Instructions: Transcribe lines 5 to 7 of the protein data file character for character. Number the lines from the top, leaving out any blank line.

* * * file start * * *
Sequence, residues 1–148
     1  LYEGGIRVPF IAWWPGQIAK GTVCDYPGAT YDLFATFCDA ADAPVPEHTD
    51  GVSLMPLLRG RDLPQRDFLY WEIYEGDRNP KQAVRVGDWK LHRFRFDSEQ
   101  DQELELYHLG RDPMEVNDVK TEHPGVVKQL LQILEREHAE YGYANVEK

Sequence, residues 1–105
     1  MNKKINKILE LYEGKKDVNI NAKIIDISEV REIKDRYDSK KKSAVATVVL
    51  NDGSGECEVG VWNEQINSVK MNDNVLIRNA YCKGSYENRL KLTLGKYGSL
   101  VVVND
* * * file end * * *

Sequence, residues 1–105
     1  MNKKINKILE LYEGKKDVNI NAKIIDISEV REIKDRYDSK KKSAVATVVL
    51  NDGSGECEVG VWNEQINSVK MNDNVLIRNA YCKGSYENRL KLTLGKYGSL